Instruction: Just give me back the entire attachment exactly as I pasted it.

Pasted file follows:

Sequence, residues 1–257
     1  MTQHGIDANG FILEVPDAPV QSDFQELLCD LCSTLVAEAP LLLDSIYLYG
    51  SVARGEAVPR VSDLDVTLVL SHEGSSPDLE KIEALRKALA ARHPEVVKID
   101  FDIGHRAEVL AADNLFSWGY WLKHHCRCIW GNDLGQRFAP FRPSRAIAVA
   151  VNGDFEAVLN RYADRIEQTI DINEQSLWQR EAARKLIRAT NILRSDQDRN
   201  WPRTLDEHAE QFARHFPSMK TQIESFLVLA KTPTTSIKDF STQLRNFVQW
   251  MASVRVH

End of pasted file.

Sequence, residues 1–257
     1  MTQHGIDANG FILEVPDAPV QSDFQELLCD LCSTLVAEAP LLLDSIYLYG
    51  SVARGEAVPR VSDLDVTLVL SHEGSSPDLE KIEALRKALA ARHPEVVKID
   101  FDIGHRAEVL AADNLFSWGY WLKHHCRCIW GNDLGQRFAP FRPSRAIAVA
   151  VNGDFEAVLN RYADRIEQTI DINEQSLWQR EAARKLIRAT NILRSDQDRN
   201  WPRTLDEHAE QFARHFPSMK TQIESFLVLA KTPTTSIKDF STQLRNFVQW
   251  MASVRVH